The two Torahs, dressed in their finery, were carried up the aisle.  I touched each of them with my prayer book as it went by, then touched the book to my lips.  The ritual of kissing the Torah.  I asked the guy in front of me to reach me a khumash as the reader began the prayers introducing this week’s Torah portion, the final verses of Exodus.  Rather than follow along with the reading, I read the entire portion in the English translation, then went back and began to read it in Hebrew.

Taking a peek at the table of contents, I noticed that my khumash included not only the Pentateuch (the five Books of Moses), but also the five megillot (a Hebrew word meaning “scrolls”).  Now, when I hear the word megillah, I think of Megillat Esther, the Book of Esther that we read on the festival of Purim (coming up in two weeks).  I didn’t know there were four others!  Sure enough, the list included the Song of Songs, Lamentations, Ecclesiastes and the Book of Ruth.  Of course, Ruth!  The book we read on the festival of Shavuot in June!  “Your people shall be my people and your God, my God.”  It was all coming back to me now.

While my nose was in the Bible, a gentleman whom I hadn’t noticed before slid up to me and asked me my name.  I told him.  Noticing the perplexed look on his face, I asked him if he wanted my Hebrew name.  He did, so I supplied it.

Next thing I knew, the guy sitting behind me was trying to get my attention.  “Psst!  You’re being called to the Torah!”

It’s not like there aren’t plenty enough men present whom they could call up to the Torah.  I’ve never been here before and these people don’t know me from Adam.  But I guess I should have figured that this would happen, as there is a tradition (stretching back to Abraham in the Book of Genesis) that the stranger in your midst is to be honored.  As to my efforts to blend into the woodwork:  Fail!

I’d been tugging and tugging on my tallis the entire time I had been sitting there, my best efforts unsuccessful at balancing the huge thing evenly about my shoulders.  If I stood up for a prayer, I would step on it.  When I sat back down, I would sit on it.  I got to my feet and began walking up the aisle to the reader’s stand, having narrowly avoided tripping over the tallis and falling on my face as I got out of my seat.

The prayer that is uttered before reading each section of Torah was printed on a laminated page on the reader’s desk.  The rabbi pointed to it and I began reciting.  “Wait!” he said.  I had totally forgotten that first I had to help unroll the scroll and touch my tallis to the first word that would be read.

Then it was time, and I sang out the familiar tune in as loud and clear a voice as I could muster.  I followed along as the cantor sang the verses, after which (I learned) it was time for the refuah sh’lemah, the prayer for healing.  This particular congregation has the tradition of offering the prayer individually for each person coming to the Torah — and for his family.  The cantor asked for my Hebrew name again.  I supplied it and then stood there dumbly.  I didn’t realize that they wanted me to name my family members.  After being gently coached by the rabbi, I said “my wife, my mother, my father, my sisters.”  I felt like an idiot, or like a Miss America contestant who was expected to intone “and world peace.”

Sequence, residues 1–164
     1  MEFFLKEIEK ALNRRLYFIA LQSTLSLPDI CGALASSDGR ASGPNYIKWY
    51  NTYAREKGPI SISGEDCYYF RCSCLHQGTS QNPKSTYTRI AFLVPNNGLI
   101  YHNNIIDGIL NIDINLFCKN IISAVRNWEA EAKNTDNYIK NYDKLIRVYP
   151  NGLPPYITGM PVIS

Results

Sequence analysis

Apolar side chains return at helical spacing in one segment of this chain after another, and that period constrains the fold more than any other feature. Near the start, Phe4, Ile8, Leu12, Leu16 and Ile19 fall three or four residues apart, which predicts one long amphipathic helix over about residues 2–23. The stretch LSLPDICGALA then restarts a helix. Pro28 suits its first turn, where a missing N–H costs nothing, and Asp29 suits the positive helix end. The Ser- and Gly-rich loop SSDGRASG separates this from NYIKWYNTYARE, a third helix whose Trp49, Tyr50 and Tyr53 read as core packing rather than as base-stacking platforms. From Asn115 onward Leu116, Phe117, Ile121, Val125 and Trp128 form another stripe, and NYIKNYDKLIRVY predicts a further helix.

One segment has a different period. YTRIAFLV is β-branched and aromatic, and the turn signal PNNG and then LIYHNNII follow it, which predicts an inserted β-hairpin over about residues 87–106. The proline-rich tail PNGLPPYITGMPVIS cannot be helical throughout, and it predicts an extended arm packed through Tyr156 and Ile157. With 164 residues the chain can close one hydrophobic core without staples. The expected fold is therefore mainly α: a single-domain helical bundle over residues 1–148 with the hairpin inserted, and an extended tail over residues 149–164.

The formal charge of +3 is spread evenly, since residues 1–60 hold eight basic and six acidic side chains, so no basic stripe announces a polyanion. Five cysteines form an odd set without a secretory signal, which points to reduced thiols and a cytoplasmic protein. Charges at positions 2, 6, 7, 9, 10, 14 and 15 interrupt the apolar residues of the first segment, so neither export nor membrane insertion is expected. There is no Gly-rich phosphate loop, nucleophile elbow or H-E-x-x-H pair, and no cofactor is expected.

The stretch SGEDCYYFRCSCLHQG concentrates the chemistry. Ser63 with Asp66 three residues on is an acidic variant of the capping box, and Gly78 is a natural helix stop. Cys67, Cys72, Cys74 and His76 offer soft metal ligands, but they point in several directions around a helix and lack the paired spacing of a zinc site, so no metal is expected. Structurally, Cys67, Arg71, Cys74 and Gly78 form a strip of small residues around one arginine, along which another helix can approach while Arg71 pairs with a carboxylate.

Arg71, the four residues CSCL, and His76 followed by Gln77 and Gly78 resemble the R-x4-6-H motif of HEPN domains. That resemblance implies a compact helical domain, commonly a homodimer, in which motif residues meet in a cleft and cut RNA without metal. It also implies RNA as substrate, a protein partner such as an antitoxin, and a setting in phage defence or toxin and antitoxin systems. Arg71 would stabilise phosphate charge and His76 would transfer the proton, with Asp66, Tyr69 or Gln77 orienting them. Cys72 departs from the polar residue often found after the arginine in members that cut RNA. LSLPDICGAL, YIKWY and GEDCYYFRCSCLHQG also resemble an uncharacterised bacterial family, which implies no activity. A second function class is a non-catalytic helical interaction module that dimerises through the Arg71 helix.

As I returned to my seat, I heard a few men call out “Yasher koakh!” (congratulations) and I embarrassedly mumbled thanks.

The service continued and I began to feel pain in my lower back from alternating standing with sitting in a hard chair.  I continued to struggle with the recalcitrant tallis, noticing that it was quite stained, whether with tears or with wine I knew not.

After the regular service ended and a psalm was read, a brief discussion among the men ensued in which it was decided that they would proceed to pray the afternoon service immediately rather than returning to do so later.  I’d been too afraid to pull out my phone to check the time (simply not done in an Orthodox synagogue), but I turned around to look for a clock and noticed that it was nearly 1:00 pm.  I made a haphazard attempt at folding the giant tallis, left it on the back table and slipped out the rear door.  I had been there three hours and I knew my wife would be waiting for me in the car.

My wife could have attended the service, of course, but she is not at all comfortable sitting away from me, on the other side of the mekhitzah with the women, a non-Jew among ultra-Orthodox strangers.  I was glad to hear that she had taken a ride and picked up some breakfast.

“They’re not even done yet,” I told her as soon as I entered the car.  “They’re going to do the afternoon service and then first have Kiddush.  I think we should have our Kiddush at Olive Garden.”  My wife smirked and I knew there would be minestrone and salad in my immediate future.  “You stole their yarmulke,” she pointed out.  It was then that I realized that the black skullcap was still on my head.

While we were eating, we suddenly heard the voice of one of the servers boom out from across the room:  “Attention, Olive Garden!  We have a very special birthday in the house!  Please join me in singing to Ruth, who is 94 years old today!”

We looked over to the table at which the server was standing.  Along with the birthday girl were four or five of her friends, all very snazzily dressed, all of whom looked to be over the age of ninety.  My wife and I were both smiling broadly as we sang along and joined in the applause.

Happy birthday, Ruth!